¶ 1 Leave a comment on paragraph 1 0 Turner noted during fieldwork among the Ndembu that “the whole group might be cloven into two conflicting factions; the quarrelling parties might comprise some but not all of its members; or disputes might be merely interpersonal in character… After a while I began to detect a pattern in these eruptions of conflict” [Turner 1957: 91] He called this the “processional form of social drama.” [op. cit. 91] Its phases, which seem to resonate with the concepts of complexity theory, can be seen in a dispute which occurred on the McLuhan List. [see Appendix 2] The crisis erupted without warning, reflecting the sensitive dependence on initial conditions that characterises strange attractors. A member of the list had accessed the membership list and sent a message to all the participants promoting a lecture series on McLuhan and a mailing list they were setting up. This “breach of regular norm-governed social relations” [op. cit: 91] provoked a vitriolic outburst from the ‘owners’ of the list describing what had been done as not only theft but ‘rape’.
¶ 2 Leave a comment on paragraph 2 0
Date: Sat, 4 Jan 1997 20:56:08 -0500 (EST)
Subject: McLuhan-List "Raped" -- Your Name "Stolen"
¶ 3 Leave a comment on paragraph 3 0 The argument entered its phase of mounting crisis and became increasingly heated, to the degree that what is known on the Internet as a ‘flame war’ ensued. It seemed as though there was more at stake here than simply a transgression of ‘netiquette’; there seemed to be a collision of two mindsets. The list-owners claimed they were protecting their ‘territory’, and also the size of their members’ email in-boxes. They felt that their authority had been usurped by the sender of the message:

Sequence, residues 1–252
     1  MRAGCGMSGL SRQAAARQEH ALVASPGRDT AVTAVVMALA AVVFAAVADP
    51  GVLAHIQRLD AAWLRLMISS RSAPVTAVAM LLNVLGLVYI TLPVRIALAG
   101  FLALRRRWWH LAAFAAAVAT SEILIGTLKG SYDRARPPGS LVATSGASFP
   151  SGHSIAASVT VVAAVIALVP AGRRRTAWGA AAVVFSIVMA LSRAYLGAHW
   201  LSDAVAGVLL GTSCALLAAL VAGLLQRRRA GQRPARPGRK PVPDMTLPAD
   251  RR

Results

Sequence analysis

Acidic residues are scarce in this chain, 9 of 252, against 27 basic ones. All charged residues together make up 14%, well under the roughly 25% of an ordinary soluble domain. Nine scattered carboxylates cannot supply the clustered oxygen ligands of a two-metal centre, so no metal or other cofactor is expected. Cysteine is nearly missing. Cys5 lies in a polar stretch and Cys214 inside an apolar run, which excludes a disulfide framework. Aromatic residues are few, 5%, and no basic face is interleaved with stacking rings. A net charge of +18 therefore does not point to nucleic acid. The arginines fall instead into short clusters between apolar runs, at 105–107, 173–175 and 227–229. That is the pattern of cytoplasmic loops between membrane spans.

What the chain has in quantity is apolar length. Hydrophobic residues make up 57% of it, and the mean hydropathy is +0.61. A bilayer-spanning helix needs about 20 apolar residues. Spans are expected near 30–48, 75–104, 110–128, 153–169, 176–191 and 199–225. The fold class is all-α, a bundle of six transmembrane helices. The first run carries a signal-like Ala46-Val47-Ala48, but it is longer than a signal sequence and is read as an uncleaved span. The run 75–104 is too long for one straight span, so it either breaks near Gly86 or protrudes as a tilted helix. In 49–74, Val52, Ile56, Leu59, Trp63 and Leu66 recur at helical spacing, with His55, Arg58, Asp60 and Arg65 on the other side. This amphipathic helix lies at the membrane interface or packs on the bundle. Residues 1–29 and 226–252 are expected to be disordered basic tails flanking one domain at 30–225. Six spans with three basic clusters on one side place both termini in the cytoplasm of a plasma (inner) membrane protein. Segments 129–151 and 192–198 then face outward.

¶ 6 Leave a comment on paragraph 6 0 This claim to sole authorship of ‘valid’ messages is characteristic of ‘analogue’ communication regimes; “hierarchical and closed, inviting passive consumption.” [Tresilian 1995: 270] The ‘transgressor’, on the other hand, claimed to represent emerging digital cultural values;
¶ 7 Leave a comment on paragraph 7 0
I am the digital generation. I know not walls or barriers, privacy or property. We are redefining public space, and an email list is as much a room, as it is for one and all.
¶ 8 Leave a comment on paragraph 8 0 Your response was childish and reactionary. You cannot own a list of subscribers, and you cannot control what is posted to it. When a group of people converge in a room you cannot control what they talk about.
¶ 9 Leave a comment on paragraph 9 0 The stability of the group had been disrupted and the system remained chaotic for while with a flurry of further messages being posted through the list. “Redressive Mechanisms” [Turner 1957: 91] were employed by both sides; the original message was apologised for, and the list owners became aware of the potential for this to become a fully-fledged flame war when 250Mb of data arrived at the transgressors server. They stated that they wanted to avoid this for their subscribers; “There is a lot of other “stuff” in Mr. Hirsch’s message which, in the interest of avoiding a “war of words,” we prefer not to delve into too deeply,” though there was no attempt to limit the breadth of the schism. This effectively ruled out reintegration, and the upheaval on the mailing list abated in its final phase through recognition of schism. Some members left to join the new list while others stayed; ‘bifurcation’ seemed to have occurred. The system headed for a new form of stability; an uneasy acceptance of the perpetual motion and unpredictable dynamics of cyberspacetime life.